Helm: That decade, too, there was a lot of musical transformation because as you were coalescing your ideas about writing for that quartet, you were also juggling being active with John Zorn’s Naked City and starting your playing relationship with Paul Motian and Joe Lovano. As with a lot of that music, Paul always had this interest in standards and his own repertoire, his own compositions. And Zorn was constantly hyper-accelerating a million ideas a minute. The kind of virtuosos that you and those other musicians were, you could have a command of all these various genres and jump cut from one to the other and shuffle them around for Zorn’s compositions. And then also during this time is when you were deciding to leave New York and eventually move to Seattle.
Frisell: Yeah, yeah.
Helm: I know part of that was that you wanted a place where you felt you could raise kids and be away from the intensity of and the expanse of New York City. For a while, Minneapolis was in the running for one of your choices to move to with Seattle. And then I booked you guys for a show in January.
Frisell: You should never have done that.
Helm: Yeah, it’s a cautionary tale.
Frisell: I still remember. I can still see you with that Arctic, whatever that thing was you were wearing.
Helm: I picked you guys up at the airport wearing an Air Force Arctic-grade flight suit.
Frisell: It was unbelievable. That was the most intense cold. I remember you could barely get from the car to the door without risk of death.
Helm: There was a lot going on then, but I think that the work you were doing in that decade with that quartet was really centered on what you were doing as a composer and as a player—which is what the guys from the Bad Plus saw at many of those shows you did.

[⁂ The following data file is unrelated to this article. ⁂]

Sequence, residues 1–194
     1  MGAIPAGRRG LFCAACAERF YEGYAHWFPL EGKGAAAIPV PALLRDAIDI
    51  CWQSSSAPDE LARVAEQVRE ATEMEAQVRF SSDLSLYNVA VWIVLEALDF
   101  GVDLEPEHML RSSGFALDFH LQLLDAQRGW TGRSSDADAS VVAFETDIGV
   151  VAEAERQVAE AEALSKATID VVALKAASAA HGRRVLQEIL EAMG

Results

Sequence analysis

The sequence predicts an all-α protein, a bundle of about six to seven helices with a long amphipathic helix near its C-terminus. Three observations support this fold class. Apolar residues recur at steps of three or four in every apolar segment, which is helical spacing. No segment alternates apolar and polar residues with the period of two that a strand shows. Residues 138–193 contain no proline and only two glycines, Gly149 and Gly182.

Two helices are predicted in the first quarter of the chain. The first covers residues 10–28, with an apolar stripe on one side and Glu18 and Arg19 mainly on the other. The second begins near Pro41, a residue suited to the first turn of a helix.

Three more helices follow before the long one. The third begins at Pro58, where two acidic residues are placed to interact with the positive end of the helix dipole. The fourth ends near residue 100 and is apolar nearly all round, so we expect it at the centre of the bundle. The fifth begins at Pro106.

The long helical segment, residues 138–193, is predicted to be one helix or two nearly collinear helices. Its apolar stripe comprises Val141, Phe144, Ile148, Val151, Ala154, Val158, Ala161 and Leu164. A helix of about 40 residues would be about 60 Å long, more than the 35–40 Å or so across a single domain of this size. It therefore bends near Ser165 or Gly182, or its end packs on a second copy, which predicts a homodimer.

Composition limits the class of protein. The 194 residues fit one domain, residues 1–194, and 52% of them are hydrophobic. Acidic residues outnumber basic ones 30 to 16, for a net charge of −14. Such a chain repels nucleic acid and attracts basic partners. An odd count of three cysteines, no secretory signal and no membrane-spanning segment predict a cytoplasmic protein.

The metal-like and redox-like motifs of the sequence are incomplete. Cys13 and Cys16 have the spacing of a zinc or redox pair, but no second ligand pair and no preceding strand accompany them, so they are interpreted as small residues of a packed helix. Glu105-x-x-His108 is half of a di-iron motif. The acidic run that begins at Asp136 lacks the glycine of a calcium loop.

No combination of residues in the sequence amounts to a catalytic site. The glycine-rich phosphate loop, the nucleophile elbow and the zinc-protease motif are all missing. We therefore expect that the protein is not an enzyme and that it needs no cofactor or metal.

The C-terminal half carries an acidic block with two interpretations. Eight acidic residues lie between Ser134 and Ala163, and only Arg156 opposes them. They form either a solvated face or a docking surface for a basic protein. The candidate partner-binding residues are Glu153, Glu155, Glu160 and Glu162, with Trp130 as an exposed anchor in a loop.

Frisell: Correct. The Walker, with you—so many first time things happened there for me. That was really one.
Helm: I brought you with Naked City, and I brought you with yourself. I asked you early on if there was something specific you’d like to do as a special project. You suggested playing with Jim Hall, which was your first concert with Jim. That was a very rewarding partnership that grew over the years. After I left the Walker and went to the Wexner Center, we did many projects together, but you already had a relationship with Philip Bither when he was at BAM and at the Flynn Theater in Vermont. When Philip came to the Walker, I believe he commissioned Blues Dream, which was one of your first commissions—
Frisell: Yeah, yeah.
Helm: —as well as larger ensemble pieces and various other projects over the years. The Wexner commissioned The Great Flood project with you and Bill Morrison, both organizations teamed up to co-commission your Disfarmer project in 2007, and now you’re doing this collaboration with the Bad Plus that the Walker’s commissioning. It will also be performed at the Wexner Center, as well as at the University of Illinois and in New York. What’s that been like to know a place like the Walker or the Wexner Center will offer this type of longstanding commitment? It’s been 30 years that this has been going on.
Frisell: That’s a heavy question. The way the world is, I just can’t even imagine where my music would be, you know? There are opportunities that happened for me there. Maybe they would have happened somewhere else, I don’t know. It’s rare. Really, some of the very first of my own gigs happened there. Or even ideas from you. The first time I ever heard Jimmy Bryant and Speedy West was you giving me a cassette tape of that stuff, right?